You’ve filled in the blank, haven’t you?
Whether newborn or nonagenarian, we humans believe certain conditions must be met before we can journey to Slumberland.
My grandchildren all have possessed highly personalized bedtime needs. Several have required “loveys” before “Waaaaaaa!” has turned to z-z-z, including stuffed animals, a slip and an orange.
Positioning also is important. I read of a toddler who rejected his crib. Instead, he slept atop his nightstand. I get that. My daughter often napped under my rocking chair.
Sometimes routine matters most. One grandson demanded we sing “ABC Song,” “Jesus Loves Me” and “Jingle Bells” every night. In that order. Otherwise, we would cause a monumental tear in his universe.
When little devils finally settle into angel mode, eyes closed and breathing peacefully, we’re ashamed we considered a bedtime exorcism.
Most adults, though, try to exorcise their own insomnia demons.
Of course, we’ve outgrown silly childhood rituals. …
If that were true, we wouldn’t check locks three times before retiring. Fiddle with the thermostat. Line up slippers.
If that were true, the bed-linen industry wouldn’t be making millions. We each require 26 pillows, placed just so. Also, our aptly named comforters.
Some, to their spouses’ dismay, must be swaddled or, more accurately, burrito-ed. Others substitute weighted blankets, gravity blankets and sensory compression blankets to achieve that huggy feeling.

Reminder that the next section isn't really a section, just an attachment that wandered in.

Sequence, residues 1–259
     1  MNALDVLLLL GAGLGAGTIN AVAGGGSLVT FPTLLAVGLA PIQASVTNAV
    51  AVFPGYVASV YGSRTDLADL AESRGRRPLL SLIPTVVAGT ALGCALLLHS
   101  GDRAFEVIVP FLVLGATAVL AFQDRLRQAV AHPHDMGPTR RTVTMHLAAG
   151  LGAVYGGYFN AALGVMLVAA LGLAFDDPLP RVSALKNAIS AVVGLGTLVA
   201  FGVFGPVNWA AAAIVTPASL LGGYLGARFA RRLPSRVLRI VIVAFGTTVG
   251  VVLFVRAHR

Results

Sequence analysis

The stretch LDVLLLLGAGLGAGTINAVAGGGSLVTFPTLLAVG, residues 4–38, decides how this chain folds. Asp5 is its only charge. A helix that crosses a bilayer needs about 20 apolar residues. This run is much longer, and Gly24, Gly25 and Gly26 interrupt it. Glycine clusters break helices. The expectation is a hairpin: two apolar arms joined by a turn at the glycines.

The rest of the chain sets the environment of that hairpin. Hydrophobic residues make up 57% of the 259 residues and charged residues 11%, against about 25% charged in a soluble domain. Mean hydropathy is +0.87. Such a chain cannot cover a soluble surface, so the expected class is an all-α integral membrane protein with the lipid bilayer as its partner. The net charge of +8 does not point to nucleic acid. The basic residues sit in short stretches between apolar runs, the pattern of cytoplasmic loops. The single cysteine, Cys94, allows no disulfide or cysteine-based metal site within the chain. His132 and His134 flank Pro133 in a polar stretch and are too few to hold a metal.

Those names scare my sleep away. A gravity blanket sends my novel-writing mind zooming off on spaceships. A sensory compression bedsheet sounds like I’m sleeping in a hamburger press. As for a weighted blanket — I often throw off covers during the night. Smacking Hubby with a thirty-pound blanket might not help him sleep.
Some adults need visual/auditory stimulation on or off. I prefer that devices sleep elsewhere so buzzes and squeaks don’t keep me awake.
Superior sleeping habits don’t guarantee a peaceful night. Unlike babies, who rarely lie awake worrying about world peace, we adults embrace sleep-bashing topics the second our heads hit the pillows. I’ve counted sheep, only to worry about their welfare. Warm baths, listening to sea sounds, sleeping with an orange — nothing worked.
Even my prayers morphed into worries.
One night, I played an alphabet game learned in Bible school. I recalled God’s names and/or attributes that started with A, such as “Almighty” and “amazing.” Then, B: “blessed” and “beautiful.” Then C, and so on.
Before reaching G, I fell sound asleep.
Since then, I’ve prayed alphabet prayers many times.
Occasionally, my insomnia stretches from A to Z. Eventually, though, I doze off, knowing Someone bigger and better can manage the world.
And oranges stay in the fridge, where they belong.
Your Extraordinary Ordinary: How do you remedy insomnia?